Ahead of Build, Windows 10 Preview Gets an Update
A Windows 10 preview targeting "fast-ring" testers is released ahead of Microsoft's conference season.
Right before Microsoft gears up to hit the road, the company released a different kind of Windows 10 preview build that admittedly contains plenty of bugs.
That build is aimed at "fast-ring" testers, as described in this Microsoft announcement. For testers less tolerant of software flaws, Microsoft also has a Windows 10 "slow-ring" group of testers. Previews of Windows 10 can be obtained by signing up at Microsoft's Windows Insider Program. This latest build is notable for arriving before Microsoft's big events for developers, Microsoft Build, in San Francisco next week.
The most notable Windows 10 preview software flaw this time around seems to be that Win32 desktop apps can't be launched from the Start Menu in this build. Instead, users need to search for these apps and then pin them to the taskbar to launch them.
New additions to this build are Microsoft's new Mail and Calendar apps. These apps can use feeds from "Office 365, Exchange, Outlook.com, IMAP, POP and other popular accounts," according to Microsoft's announcement. However, the apps have "a known issue that causes every typed letter to appear twice." To address this issue, testers can download updated Mail and Calendar apps (builds 17.4016.42291.0) from the Window Store beta version. However, the newly installed Mail and Calendar apps require 15 minutes to update for things to work normally.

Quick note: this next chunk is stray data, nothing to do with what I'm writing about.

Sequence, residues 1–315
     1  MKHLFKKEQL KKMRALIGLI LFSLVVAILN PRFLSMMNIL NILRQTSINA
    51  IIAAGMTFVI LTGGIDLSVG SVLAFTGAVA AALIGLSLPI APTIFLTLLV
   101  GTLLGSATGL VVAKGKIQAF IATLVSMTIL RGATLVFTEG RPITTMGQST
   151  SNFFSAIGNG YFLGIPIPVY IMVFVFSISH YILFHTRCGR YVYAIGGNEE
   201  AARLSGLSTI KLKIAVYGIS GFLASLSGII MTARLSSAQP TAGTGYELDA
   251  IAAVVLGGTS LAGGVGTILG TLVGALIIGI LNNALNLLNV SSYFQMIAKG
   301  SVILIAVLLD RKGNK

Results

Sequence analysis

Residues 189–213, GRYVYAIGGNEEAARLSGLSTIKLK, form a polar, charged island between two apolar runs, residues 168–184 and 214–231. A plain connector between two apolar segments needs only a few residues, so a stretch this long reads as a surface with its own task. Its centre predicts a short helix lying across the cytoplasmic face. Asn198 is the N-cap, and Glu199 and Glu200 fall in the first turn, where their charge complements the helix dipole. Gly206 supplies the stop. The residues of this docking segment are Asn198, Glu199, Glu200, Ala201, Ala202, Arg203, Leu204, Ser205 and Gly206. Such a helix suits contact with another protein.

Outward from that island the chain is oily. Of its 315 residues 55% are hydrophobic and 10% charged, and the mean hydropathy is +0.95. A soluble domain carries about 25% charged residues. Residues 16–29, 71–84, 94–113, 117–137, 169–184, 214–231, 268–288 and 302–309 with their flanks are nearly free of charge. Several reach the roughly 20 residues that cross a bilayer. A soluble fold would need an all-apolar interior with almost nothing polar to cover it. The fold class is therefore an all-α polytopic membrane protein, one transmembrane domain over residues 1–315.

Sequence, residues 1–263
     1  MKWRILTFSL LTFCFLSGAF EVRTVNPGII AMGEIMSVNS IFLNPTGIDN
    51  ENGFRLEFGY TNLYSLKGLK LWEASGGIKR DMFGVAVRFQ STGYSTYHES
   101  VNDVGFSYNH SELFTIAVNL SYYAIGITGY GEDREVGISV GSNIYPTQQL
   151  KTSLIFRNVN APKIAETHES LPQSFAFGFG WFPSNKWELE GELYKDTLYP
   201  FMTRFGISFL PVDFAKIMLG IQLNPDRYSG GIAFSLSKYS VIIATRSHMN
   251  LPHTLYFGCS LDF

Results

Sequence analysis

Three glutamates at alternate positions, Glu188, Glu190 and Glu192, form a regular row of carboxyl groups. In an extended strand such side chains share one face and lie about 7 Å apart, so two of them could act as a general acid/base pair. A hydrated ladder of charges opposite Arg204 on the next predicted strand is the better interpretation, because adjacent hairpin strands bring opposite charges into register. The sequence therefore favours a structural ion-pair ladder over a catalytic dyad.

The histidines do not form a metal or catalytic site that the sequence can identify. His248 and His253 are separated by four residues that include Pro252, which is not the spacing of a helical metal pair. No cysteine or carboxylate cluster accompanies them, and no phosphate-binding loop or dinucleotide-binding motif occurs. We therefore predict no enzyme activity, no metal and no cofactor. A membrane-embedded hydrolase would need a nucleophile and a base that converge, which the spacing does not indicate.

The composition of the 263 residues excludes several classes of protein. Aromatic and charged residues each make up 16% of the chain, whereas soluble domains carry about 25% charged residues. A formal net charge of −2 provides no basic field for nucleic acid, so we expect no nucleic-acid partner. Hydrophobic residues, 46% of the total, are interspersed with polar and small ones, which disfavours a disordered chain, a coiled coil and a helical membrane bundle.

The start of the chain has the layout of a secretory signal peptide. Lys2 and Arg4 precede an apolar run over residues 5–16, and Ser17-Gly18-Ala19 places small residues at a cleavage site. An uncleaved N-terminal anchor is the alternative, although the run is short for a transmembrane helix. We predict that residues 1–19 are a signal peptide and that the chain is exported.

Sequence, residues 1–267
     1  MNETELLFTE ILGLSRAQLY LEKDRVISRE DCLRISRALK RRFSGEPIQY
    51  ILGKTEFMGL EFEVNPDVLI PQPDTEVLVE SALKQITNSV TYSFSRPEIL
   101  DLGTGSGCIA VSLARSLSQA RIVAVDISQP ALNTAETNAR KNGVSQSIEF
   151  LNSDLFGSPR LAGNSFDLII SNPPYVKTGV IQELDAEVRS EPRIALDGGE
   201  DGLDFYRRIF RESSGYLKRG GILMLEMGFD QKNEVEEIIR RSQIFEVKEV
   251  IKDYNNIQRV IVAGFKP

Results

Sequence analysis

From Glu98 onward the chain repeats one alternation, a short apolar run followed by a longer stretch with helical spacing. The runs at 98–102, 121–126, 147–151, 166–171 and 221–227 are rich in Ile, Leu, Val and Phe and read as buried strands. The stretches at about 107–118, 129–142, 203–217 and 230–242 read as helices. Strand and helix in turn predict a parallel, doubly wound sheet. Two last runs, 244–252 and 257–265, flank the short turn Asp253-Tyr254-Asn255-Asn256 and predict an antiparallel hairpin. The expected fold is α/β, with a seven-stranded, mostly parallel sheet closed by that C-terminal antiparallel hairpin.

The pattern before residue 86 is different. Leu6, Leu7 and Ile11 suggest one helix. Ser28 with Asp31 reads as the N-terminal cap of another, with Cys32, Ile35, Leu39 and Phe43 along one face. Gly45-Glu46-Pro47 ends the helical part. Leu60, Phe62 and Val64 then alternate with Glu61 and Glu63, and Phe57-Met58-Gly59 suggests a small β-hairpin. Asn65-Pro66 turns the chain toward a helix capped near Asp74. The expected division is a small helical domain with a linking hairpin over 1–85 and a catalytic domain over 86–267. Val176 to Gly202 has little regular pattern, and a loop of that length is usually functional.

Testers also might also see "a black screen with only your mouse cursor during login/logout," Microsoft warned. A fix will be coming through the Windows Update service.
The good news is that Microsoft has addressed a problem from a previous build where testers could not use Hyper-V. Also, Microsoft made a number of improvements to the user interface with this build.
For instance, Microsoft improved the user interface of the Windows 10 "continuum" feature, which optimizes the interface for so-called "two-in-one" devices. A two-in-one device can switch from working like a tablet to being more like a laptop by swapping in a keyboard, and Microsoft's continuum feature senses when that happens. The continuum feature now better supports the tablet mode, Microsoft claimed. Button access is spaced out now to make it easier for touch interactions to happen.
As with all Windows 10 preview releases, Microsoft is now exercising its faster software development cycles. It hasn't been holding back on builds because of software flaws. If Microsoft's OEM partner AMD is to be believed, Windows 10 might start rolling out as early as the end of July, but perhaps just for hardware imaging purposes. If so, Microsoft seems to have lots of bugs to fix in just three months' time.
Kurt Mackie is senior news producer for the 1105 Enterprise Computing Group.